Eight years ago, Chris and Lindsay Kirouac had no idea that they would become beekeepers. All of that changed after taking a hobby beekeeping course as part of their growing interest in DIY activities and the local back-to-the-land movement. Today, they proudly provide unpasteurized Manitoba honey to Winnipeg, Gimli, and Churchill residents through Bee Project Apiaries.
“We were fascinated with the bees, and when we got the hives [for hobby beekeeping] we did the math for how much honey we’d be producing,” Chris explains. “We thought it would be cool to provide really local honey to families in Manitoba. It went along with our philosophies of local eating and the value of small-scale agriculture. We started selling the honey the first year and it grew from there.”
Because of the smaller apiary and their commitment to using more sustainable and organic-oriented beekeeping methods, beekeeping can be a highly intensive project. “It takes more time; you have to pay attention a lot more to the weather and the state of the hives compared to standard or conventional practices,” says Chris. “It’s a very physical job… you’re working in the hives during the day to check on the queen health and hive strength, and the evenings are often spent repairing things and getting ready for the next day.”
But it’s well worth it: hives are treated on a case-by-case basis, and the honey produced has more flavor and health benefits due to being kept in its raw form.
Speaking of their honey, Bee Project Apiaries provides a number of different kinds of honey. From their varietal honey (which comes from a specific type of flower, such as buckwheat, clover, or dandelion) to their creamed honey to their urban honey, there truly is a honey for everyone!
“We’re most proud of our varietal honey,” Chris says. “You have to make sure your boxes of honey that you’ll harvest are only out while that crop is the predominant flower blooming. Varietal honeys have particularly distinct flavors and colors.”
But he speaks just as enthusiastically about his other honeys, as well: “Creamed honey will never go hard, so it’s great in that sense. We add natural ingredients to flavor the honey in unique ways, including lemon, orange, maple, coffee, chocolate, and cinnamon.” At Bee Project Apiaries, they also have urban honey, which they produce in very small volume. “Urban honey is very different from honey in the country. It’s often lighter—people love it! The hives do especially well in urban areas because there is less wind and more stable temperatures. It’s been a really fun project to have urban hives.”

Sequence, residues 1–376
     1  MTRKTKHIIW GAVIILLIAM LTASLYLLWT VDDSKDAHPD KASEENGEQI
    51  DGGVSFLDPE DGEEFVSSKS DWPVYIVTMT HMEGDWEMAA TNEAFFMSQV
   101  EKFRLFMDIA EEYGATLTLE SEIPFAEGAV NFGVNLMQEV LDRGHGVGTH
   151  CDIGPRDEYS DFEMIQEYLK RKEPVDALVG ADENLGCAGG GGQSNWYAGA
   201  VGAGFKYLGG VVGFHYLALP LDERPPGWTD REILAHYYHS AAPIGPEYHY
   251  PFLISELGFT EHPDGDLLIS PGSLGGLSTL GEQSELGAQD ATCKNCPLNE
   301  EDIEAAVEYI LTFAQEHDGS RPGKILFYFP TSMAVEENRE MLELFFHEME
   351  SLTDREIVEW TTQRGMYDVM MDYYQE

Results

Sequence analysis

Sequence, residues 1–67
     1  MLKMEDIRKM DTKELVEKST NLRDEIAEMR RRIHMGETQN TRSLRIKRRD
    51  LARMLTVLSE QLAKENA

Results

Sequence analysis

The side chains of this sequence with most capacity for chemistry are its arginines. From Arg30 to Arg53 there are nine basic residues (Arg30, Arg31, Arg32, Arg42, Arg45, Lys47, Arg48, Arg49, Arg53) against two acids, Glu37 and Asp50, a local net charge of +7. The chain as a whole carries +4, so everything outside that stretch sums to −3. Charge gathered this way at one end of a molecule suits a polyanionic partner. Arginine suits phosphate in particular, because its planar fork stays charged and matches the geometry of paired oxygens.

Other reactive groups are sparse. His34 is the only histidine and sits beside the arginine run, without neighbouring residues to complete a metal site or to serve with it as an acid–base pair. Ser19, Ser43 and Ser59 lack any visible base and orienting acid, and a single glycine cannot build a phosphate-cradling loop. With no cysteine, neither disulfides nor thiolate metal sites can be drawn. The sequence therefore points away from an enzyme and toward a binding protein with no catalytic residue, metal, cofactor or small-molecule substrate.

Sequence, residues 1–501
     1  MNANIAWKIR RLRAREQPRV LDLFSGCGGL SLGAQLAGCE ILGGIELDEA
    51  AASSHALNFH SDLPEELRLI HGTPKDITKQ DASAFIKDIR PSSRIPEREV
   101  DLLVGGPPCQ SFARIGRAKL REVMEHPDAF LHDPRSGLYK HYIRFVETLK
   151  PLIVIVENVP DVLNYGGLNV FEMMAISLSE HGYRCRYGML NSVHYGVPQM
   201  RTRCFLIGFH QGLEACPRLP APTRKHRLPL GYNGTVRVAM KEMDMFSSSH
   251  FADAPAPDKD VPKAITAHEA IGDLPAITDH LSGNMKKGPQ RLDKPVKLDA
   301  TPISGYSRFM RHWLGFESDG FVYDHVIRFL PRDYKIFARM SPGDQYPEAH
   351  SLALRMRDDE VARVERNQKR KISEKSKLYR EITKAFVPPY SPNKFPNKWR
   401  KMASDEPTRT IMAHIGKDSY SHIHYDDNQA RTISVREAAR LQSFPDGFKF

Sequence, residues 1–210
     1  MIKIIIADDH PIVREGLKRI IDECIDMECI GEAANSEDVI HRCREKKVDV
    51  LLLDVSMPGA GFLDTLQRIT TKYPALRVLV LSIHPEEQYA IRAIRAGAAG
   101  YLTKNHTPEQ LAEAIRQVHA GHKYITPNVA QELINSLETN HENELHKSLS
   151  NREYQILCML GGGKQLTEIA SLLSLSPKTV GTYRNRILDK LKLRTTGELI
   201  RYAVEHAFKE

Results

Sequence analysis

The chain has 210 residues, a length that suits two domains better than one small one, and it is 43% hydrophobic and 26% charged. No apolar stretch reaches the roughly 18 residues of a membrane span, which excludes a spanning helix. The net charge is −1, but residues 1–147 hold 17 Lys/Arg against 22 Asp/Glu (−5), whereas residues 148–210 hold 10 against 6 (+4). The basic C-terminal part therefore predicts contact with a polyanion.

Manitoba is one of the best honey producing areas in the world. Honey has a lot of health benefits and is very versatile when compared to sugar. Through our varietal and urban honeys, there’s great variability in honey. It’s fun and exciting to try different kinds of honey!
In addition to small-scale, sustainable farming methods, Bee Project Apiaries does not pasteurize their honey. “Pasteurizing is the process of heating food to a high temperature to kill any microbes that may or may not be in the product. It extends the shelf life, but honey, if kept properly, can have a shelf life of hundreds of years. Pasteurization can detract from the flavor and health benefits, so we do not pasteurize any of our honey.”
Chris and Lindsay are equally as passionate, if not more so, about the honeybee as they are about the honey itself.
“The honeybee is an amazing critter that adds so much to the pollination and production of our food. The honeybee is also a great example for how, if we undervalue the natural world or the impact we have on it, how very important and fragile yet complicated systems can start falling apart in the natural world. There are many parallels between humans and honeybees. Beekeeping is a fascinating way to see the cycle of life on a miniature scale: there’s a lot of magic to it. The biology is incredible,” Chris says thoughtfully.
Get a little magic in your life today: just add honey!